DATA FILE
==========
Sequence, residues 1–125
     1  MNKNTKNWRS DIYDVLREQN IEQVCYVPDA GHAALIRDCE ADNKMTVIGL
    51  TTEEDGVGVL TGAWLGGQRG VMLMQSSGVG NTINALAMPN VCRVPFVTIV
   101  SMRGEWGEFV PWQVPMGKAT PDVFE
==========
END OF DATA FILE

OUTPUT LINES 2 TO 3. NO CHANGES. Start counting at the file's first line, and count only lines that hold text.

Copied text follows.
     1  MNKNTKNWRS DIYDVLREQN IEQVCYVPDA GHAALIRDCE ADNKMTVIGL
    51  TTEEDGVGVL TGAWLGGQRG VMLMQSSGVG NTINALAMPN VCRVPFVTIV